What I’ve always loved about fashion week is how it brings together fashion and political expression. This year was no exception, with conversations on race, feminism and body image being the forefront of many of the top shows.
Fashion week is also a time where the lines between cultural appropriation and cultural appreciation are blurred. Marc Jacobs’ SS18 show crossed that line. His models were accessorized with African-inspired head wraps and featured garments that strongly resembled traditional East African clothing. The problem is that these pieces have history and meaning, but none of that was acknowledged. In fact, no mention of the inspiration behind the clothing has yet been given.
Conversations surrounding appropriation can be exhausting, because it feels like you are always walking on eggshells. Why can’t you just appreciate culture? We live in such a globalized world, that it seems impossible to not derive inspiration from other cultural communities. But it’s more than just inspiration. It’s a power imbalance, where a culture that belongs to a group of people is demonized until it’s presented on a white body. And then it’s loved and seen as an art form.
In a high school in North Carolina, African American teenagers had to fight for the right to wear traditional head wraps to school. These young girls were not allowed to observe their culture because it was deemed “inappropriate.” But Marc Jacobs’ show is being appreciated as art, without an acknowledgment of the women who were once forced to wear head wraps and their descendants who are now being banned from wearing it.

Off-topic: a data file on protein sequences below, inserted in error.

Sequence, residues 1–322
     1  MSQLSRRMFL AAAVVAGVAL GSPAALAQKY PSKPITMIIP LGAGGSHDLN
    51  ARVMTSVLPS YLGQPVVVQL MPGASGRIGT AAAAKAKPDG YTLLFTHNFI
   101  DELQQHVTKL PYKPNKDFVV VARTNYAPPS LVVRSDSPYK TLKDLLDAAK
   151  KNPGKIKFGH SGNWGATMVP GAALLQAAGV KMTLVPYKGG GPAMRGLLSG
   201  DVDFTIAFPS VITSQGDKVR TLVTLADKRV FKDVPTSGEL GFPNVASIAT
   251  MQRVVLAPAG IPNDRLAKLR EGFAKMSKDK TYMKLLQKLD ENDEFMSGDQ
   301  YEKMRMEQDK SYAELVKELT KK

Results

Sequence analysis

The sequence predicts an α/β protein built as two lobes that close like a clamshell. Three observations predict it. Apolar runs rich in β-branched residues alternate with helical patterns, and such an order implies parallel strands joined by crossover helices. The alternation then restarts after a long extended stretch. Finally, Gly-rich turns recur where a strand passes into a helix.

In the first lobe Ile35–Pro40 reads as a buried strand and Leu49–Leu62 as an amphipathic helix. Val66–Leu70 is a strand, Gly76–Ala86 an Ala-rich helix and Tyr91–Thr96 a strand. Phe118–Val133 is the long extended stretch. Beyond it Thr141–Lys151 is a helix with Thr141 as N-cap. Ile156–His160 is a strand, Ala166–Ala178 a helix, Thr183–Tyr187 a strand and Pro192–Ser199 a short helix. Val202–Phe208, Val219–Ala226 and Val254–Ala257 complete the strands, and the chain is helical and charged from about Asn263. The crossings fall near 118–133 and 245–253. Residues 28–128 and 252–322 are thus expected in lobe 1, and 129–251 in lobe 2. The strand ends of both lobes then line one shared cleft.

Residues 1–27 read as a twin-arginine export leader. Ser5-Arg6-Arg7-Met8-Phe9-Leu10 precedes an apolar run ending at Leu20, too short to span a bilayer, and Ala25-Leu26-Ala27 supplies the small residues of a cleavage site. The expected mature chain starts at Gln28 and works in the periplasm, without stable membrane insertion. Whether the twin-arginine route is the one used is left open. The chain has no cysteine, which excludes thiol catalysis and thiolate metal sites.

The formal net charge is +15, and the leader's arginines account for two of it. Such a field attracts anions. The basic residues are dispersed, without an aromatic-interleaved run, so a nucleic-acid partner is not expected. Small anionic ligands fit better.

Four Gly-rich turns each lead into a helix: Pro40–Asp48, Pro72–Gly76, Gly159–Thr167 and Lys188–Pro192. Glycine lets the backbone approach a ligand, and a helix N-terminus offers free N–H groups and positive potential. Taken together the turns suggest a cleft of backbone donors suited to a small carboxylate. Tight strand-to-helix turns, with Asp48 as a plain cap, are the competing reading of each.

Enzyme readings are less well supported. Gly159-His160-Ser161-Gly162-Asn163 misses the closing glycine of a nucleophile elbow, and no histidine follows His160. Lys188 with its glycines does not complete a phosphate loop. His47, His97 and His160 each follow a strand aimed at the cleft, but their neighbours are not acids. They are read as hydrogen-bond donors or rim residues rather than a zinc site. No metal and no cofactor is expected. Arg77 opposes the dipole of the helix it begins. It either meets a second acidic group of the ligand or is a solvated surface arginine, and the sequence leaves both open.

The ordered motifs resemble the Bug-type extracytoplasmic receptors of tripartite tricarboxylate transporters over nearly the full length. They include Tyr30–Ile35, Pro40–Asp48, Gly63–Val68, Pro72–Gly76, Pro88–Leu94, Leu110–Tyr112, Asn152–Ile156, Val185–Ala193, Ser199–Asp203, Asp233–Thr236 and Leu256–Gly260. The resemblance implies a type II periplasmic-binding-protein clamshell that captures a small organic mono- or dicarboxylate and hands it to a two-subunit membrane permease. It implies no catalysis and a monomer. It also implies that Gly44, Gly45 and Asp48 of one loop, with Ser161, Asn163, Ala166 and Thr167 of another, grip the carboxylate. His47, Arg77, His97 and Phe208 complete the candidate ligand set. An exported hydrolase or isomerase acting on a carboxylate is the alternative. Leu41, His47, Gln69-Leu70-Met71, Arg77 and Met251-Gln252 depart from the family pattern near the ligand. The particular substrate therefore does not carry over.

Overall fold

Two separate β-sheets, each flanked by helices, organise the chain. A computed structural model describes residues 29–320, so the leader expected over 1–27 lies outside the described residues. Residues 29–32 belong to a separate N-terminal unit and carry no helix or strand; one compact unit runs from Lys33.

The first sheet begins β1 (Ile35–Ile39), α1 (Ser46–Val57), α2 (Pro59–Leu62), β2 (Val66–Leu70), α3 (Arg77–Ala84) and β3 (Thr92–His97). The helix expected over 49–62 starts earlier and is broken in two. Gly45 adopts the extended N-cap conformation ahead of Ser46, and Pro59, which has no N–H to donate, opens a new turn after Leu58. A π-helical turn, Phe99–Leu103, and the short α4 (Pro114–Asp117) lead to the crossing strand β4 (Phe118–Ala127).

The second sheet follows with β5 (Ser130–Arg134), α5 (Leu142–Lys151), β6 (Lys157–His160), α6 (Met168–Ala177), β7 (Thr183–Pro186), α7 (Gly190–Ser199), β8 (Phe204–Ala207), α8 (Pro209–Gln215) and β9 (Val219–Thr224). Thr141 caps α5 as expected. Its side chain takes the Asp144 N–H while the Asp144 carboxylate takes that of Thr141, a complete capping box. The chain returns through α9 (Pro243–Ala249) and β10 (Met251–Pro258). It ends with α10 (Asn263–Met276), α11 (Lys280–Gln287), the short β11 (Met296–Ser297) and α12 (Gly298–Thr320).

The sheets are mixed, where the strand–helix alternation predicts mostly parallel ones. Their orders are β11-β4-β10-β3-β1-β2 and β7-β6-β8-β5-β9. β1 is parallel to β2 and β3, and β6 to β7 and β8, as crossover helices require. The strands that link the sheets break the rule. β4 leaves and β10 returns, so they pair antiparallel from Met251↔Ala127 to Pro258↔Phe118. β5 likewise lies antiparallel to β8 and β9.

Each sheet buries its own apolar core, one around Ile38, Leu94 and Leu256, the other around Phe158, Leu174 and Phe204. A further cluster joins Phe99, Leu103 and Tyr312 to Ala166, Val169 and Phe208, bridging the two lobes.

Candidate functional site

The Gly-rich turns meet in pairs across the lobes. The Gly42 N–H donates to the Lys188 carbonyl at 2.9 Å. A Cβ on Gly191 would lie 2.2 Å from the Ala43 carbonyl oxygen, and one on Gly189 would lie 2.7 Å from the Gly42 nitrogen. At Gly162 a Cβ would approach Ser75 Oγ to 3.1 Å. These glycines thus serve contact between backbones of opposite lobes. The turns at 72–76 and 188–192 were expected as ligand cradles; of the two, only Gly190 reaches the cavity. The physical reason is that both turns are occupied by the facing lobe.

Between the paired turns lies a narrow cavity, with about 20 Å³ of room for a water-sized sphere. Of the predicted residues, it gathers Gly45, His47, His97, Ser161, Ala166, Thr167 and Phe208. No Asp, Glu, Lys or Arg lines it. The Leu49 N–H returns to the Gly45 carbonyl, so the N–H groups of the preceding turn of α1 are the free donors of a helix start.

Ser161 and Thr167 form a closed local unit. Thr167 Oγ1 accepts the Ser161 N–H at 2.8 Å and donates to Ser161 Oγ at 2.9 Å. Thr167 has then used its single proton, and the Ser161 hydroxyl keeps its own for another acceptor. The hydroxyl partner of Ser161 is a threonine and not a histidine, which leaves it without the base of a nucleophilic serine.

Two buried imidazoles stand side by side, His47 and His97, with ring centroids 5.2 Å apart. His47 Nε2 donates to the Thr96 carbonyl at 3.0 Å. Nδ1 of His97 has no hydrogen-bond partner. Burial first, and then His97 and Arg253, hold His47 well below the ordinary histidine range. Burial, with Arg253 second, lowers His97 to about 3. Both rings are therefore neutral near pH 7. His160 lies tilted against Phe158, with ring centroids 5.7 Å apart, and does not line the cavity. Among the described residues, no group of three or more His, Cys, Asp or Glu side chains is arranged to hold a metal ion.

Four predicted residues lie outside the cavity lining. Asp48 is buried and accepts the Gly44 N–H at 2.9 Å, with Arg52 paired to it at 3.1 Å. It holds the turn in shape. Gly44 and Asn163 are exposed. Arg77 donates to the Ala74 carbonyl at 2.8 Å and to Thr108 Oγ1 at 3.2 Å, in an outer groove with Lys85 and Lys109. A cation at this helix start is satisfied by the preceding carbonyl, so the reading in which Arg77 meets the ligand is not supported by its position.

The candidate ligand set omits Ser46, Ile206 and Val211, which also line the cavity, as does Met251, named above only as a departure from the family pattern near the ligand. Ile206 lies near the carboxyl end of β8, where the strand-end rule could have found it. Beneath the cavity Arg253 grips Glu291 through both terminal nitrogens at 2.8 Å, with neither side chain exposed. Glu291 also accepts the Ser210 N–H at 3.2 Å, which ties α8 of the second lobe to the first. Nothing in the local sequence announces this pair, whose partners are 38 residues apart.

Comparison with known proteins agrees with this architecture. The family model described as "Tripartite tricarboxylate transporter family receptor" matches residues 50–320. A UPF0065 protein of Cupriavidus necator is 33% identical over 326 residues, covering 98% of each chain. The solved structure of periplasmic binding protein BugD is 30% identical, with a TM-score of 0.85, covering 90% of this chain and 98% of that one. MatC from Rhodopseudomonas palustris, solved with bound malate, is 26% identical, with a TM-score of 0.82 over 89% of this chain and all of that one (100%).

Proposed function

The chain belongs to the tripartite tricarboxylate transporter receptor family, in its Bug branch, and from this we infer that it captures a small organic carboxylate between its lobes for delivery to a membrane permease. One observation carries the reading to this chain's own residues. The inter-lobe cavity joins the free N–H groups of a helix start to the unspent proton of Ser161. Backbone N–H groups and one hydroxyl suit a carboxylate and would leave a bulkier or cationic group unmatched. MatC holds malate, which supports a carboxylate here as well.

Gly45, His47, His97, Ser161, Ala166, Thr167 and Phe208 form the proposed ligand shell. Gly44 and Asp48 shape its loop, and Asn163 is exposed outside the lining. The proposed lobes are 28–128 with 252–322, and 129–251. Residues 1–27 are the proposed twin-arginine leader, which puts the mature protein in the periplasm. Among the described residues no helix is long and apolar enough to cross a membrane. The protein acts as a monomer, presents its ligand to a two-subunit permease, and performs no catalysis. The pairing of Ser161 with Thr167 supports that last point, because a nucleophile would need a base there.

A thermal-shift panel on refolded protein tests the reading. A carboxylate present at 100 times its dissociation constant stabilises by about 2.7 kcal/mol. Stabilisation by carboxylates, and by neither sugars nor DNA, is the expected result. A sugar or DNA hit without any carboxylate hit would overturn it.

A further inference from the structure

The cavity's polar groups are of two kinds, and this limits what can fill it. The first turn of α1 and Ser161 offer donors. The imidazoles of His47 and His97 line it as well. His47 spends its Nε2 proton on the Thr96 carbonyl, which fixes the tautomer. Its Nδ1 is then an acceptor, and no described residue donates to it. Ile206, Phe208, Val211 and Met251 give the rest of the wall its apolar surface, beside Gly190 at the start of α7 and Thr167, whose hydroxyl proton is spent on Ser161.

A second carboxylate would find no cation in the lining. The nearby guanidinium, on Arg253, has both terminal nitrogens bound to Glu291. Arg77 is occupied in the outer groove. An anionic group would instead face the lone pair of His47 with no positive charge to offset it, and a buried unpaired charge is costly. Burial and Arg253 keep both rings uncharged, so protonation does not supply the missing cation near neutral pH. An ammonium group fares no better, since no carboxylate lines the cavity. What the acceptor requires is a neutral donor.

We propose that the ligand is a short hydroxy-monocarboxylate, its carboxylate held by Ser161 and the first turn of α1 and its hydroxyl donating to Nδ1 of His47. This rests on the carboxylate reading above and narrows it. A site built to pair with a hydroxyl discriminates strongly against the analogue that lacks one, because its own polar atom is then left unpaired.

The head wrap has a long-standing history in the Americas. It was a tradition that African American slaves brought with them from West Africa when Europeans stole them from their homes. White slave masters then forced African American women to wear less elaborate head wraps as a badge of enslavement. A symbol that originally represented your marital status and your lineage was shamed into being nothing more than a cloth verifying you were a slave.
That is why appropriating the African head wrap, especially in an American context is so problematic. African American women have worked tirelessly to reclaim a cultural symbol that was associated with shame for so long. And in cases like the girls in North Carolina, were punished for doing so.
He could have said this was in support of women who are demonized for wearing their cultural pieces, he could have acknowledged the African American girls in North Carolina who staged protests – but there was nothing.
Whether we are willing to accept it or not, this country was built on a foundation of racial inequality that still paints the experiences of so many BIPOC (Black Indigenous People of Color). It’s why it’s art on certain bodies and inappropriate on others.
How can you respect and appreciate a culture, while devaluing the people who are native to it and stay silent in their struggle? Marginalized people aren’t angry that you’re sharing their culture, they’re angry because you are deciding you want the culture and not the people.
Marc Jacobs has a history of cultural appropriation in his fashion shows, including bantu knots in SS16, and faux locks in SS17. And while his shows were praised for being “edgy” and “rave-inspired,” Black people have been harassed and fired from their places of work for natural Black hairstyles, including locks and dreads.
It’s hard to say what the intent of shows like this is, but a UN sanction protecting Indigenous culture could open many designers up to lawsuits in the near future.